Objective: The present study aimed to explore attitudes of medical students following a course in integrative medicine (IM) focused on palliative and supportive cancer. Method: Attitudes to IM among pre-clerkship medical students were assessed following a 3-day required course, which included interviews with international experts in IM and “hands-on” workshops mentored by IM and non-IM healthcare professionals. Student reflections were analyzed qualitatively, and written narratives were examined thematically. Results: Of 161 students, 102 (63.4%) provided post-course reflections. The main narrative themes included pre-course attitudes, attitude changes and influencing factors, and insights on implementing IM in clinical practice. Pre-course attitudes were predominantly skeptical, with post-course attitudes more open and non-judgmental, addressing research on IM effectiveness and safety. Students looked favorably on the implementation of IM in clinical practice and felt the course enhanced communication with patients. Conclusions: Student attitudes to IM shifted following the course, from a skeptical to a more non-judgmental and accepting approach. IM course may facilitate a better understanding of the limitations and risks of IM practices, particularly in the supportive cancer care setting, as well as implications regarding students’ own resilience and professional growth.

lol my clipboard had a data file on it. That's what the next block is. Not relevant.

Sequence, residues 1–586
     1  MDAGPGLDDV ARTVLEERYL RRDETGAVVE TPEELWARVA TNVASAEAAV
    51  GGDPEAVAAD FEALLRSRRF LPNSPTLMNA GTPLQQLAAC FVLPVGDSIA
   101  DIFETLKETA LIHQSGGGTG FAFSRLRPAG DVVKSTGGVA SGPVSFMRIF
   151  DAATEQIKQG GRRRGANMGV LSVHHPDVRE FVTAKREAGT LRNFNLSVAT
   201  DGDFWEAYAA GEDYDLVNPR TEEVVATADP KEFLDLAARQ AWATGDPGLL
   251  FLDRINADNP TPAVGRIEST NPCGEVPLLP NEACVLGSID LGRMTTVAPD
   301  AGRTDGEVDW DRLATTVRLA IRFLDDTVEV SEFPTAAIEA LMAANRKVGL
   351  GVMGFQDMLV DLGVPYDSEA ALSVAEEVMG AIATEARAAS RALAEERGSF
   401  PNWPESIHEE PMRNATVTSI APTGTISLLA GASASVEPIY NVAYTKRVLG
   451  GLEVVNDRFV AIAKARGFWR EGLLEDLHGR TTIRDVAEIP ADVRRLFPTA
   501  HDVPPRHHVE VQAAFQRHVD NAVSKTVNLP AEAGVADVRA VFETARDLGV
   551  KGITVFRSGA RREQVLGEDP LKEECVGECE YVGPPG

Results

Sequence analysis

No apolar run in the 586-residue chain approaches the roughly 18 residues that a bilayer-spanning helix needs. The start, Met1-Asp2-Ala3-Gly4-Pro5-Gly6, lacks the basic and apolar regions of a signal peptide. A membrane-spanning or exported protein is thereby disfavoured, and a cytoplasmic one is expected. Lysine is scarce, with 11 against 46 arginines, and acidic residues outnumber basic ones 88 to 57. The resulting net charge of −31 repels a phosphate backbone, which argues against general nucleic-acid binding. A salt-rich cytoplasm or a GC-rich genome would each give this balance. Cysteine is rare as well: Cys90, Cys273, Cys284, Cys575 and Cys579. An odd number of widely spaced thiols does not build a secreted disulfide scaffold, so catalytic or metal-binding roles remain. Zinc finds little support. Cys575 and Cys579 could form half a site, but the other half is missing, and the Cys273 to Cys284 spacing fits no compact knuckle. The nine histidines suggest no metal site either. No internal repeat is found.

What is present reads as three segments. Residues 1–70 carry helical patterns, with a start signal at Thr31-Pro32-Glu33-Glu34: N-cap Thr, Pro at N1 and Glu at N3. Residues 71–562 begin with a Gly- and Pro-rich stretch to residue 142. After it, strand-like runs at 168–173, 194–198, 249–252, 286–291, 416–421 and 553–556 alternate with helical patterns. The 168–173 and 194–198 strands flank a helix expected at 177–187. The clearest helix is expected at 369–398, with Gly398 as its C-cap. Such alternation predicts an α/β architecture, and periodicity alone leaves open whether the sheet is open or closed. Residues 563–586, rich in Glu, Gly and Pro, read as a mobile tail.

Bibliographical notePublisher Copyright:
© 2022, The Author(s), under exclusive licence to Springer-Verlag GmbH Germany, part of Springer Nature.
- Complementary alternative medicine
- Integrative medicine
- Integrative oncology
- Medical education
- Palliative care
- Supportive care